As I arrive at my office, I watch a man, several years younger than I, get out of his car.
Nothing remarkable there, right?
He “stepped out” of his car and down onto his heavily padded knees. Both legs had been amputated just below his knee. He “walked” on his knees around to the other side of the car, removed his wheelchair and started my direction. He had seen me arrive and noted that I was still talking on the phone before getting out of my car.
As he approached, I noticed that his right arm had also been amputated just below his elbow and that his only hand was in fact half a hand.
Here was a man with challenges.
As he drew nearer, I introduced myself and took his shortened right arm in my hand to shake. I learned that his name was Dennis, that he lived in Tyler, Texas and that he had come over for an appointment at Baylor University Medical Center, located a stone’s throw from my office. He needed some help with a room for the night. He made it clear he needed to “clean up” before making the doctor’s appointment.
I did my best to “expedite” our typical processes for him.
My overall impression?
He encouraged me with his attitude, demeanor and ability to engage me and everyone else in his environment.
Take away: never count anyone out.
Take away #2: I've got a lot to learn.
I’m on the road to Chicago.
Interesting assignment comes with this trip.
Friends at Bank of America in Dallas asked me to testify at a Federal Reserve Bank of Chicago hearing regarding the acquisition of Countrywide Financial Corporation by their bank. The public meeting is a part of the normal procedure whenever mergers and acquisitions such as this occur.
All I can do is speak to my experience with Bank of America Dallas. It has been very positive, but I feel a bit caught between. I know there are a number of regulatory issues going forward that must be addressed, not here, but in and by the U. S. Congress so that we can avoid future situations like the current sub-prime crisis that disproportionately affect middle and low-income working people who desire more than anything to be homeowners.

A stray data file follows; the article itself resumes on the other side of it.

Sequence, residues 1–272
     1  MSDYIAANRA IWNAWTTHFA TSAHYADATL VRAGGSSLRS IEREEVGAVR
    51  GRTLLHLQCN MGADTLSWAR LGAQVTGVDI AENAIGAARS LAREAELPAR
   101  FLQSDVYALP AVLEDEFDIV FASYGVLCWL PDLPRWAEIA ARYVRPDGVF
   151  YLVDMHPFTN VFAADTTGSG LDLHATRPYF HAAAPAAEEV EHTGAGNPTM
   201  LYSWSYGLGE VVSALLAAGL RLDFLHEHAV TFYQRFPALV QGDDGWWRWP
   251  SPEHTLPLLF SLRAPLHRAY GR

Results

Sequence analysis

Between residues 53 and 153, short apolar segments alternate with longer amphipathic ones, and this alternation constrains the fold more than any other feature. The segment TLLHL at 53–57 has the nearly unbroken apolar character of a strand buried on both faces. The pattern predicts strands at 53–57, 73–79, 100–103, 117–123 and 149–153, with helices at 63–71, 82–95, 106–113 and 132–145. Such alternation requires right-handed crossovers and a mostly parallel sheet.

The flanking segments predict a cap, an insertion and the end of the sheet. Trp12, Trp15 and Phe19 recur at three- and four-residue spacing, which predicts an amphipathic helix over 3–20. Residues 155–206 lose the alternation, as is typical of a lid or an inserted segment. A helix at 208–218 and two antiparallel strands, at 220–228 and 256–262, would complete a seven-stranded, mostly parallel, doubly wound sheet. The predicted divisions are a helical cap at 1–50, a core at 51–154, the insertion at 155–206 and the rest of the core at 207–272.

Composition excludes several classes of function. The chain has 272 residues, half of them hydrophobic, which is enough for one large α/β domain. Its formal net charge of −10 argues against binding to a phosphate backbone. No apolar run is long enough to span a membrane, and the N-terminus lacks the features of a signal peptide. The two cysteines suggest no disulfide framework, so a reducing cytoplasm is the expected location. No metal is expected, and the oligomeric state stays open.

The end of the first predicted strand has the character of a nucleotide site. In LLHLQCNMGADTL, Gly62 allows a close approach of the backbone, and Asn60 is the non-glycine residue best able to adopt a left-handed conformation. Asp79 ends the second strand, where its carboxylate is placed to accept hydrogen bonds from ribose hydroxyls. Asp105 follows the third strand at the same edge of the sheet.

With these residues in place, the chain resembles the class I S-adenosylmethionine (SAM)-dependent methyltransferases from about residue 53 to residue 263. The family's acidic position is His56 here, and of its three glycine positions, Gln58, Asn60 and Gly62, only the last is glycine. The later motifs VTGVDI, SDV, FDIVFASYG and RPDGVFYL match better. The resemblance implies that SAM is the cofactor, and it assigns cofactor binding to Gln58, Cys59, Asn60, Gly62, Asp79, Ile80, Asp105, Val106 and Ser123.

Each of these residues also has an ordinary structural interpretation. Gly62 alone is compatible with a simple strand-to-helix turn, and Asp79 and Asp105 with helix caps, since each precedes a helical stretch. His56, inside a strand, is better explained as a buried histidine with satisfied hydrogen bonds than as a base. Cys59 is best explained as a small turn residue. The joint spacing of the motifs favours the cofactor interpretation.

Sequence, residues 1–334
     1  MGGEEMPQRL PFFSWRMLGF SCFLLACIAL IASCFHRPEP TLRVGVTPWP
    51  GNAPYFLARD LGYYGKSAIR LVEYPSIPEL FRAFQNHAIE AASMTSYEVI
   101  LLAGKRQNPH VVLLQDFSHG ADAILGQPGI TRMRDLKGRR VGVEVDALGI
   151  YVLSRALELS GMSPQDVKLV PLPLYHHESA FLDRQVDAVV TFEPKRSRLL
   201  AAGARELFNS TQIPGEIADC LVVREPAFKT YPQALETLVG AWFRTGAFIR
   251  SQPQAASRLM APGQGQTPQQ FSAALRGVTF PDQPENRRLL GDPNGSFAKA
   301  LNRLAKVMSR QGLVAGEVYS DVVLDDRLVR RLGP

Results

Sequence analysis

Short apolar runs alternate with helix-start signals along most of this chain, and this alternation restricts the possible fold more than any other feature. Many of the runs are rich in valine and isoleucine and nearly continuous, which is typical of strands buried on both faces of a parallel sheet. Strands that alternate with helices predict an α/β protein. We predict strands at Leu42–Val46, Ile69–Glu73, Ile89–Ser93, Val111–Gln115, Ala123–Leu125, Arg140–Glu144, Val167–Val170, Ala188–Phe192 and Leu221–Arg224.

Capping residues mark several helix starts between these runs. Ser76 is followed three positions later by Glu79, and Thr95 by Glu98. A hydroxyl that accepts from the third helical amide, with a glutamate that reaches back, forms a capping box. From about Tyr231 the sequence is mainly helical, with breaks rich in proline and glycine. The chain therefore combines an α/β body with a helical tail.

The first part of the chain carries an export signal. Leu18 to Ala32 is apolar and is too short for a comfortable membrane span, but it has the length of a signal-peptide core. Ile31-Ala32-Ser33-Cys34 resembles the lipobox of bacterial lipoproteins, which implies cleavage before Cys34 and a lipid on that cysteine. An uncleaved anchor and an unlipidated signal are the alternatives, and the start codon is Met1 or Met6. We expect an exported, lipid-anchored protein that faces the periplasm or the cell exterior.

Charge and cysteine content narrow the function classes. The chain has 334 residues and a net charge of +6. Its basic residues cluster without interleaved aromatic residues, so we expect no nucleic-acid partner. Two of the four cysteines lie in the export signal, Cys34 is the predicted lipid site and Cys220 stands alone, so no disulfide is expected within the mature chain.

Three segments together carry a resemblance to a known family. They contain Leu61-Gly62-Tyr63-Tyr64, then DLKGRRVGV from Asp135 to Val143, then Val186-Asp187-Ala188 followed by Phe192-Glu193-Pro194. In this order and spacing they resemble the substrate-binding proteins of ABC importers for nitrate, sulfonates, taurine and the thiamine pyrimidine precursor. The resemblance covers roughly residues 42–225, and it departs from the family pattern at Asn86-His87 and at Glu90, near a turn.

Jesse Jackson spoke to the panel before it was my turn. I wish I knew what he had to say, but I arrived later in the day.
As I interact with folks in attendance, it becomes clear that the criticism is directed at the business practices of Countrywide and the hope for new, more equitable practices resides with Bank of America and its management style.
I rode the Orange Line from Midway Airport downtown for the hearing.
Chicago is a real city!
As I stepped off the CTA train and walked down the steps from the track platform to the street, I encountered a beggar holding a paper cup. He must have been in his sixties. He asked for change. No one paid any attention. Being an outsider, I stopped to visit. And, yes, I made a contribution. Debate that all you want, I enjoyed talking to him, and I figure he earned his money by putting up with me!
Walking down the street in front of the Federal Reserve Bank of Chicago and the downtown offices of Bank of America, I felt overwhelmed by the wealth and the power that attends such financial capacity.
Between the two giant financial institutions I meet a “Streetwise” vendor. “Streetwise” is the homeless newspaper for Chicago. Again, I stop to talk and purchase a paper. The guy thanks me and volunteers that "This is the hardest job I’ve ever had!”
I answered, “I’m sure that is right, but you know what, you do have it, don’t you?”
He flashed me a big grin and replied, “Yes, I do!”
The stark contrast is everywhere I go. I can’t avoid it.
The rich, the poor—the amazingly wealthy and the devastatingly poor. It is clear the gap is widening, especially in our major urban areas.
The contrast drives me forward.
How about you?
What do you see? What are your "impressions" as you walk around in your world?
Bishops, District Superintendents and Change
2 months ago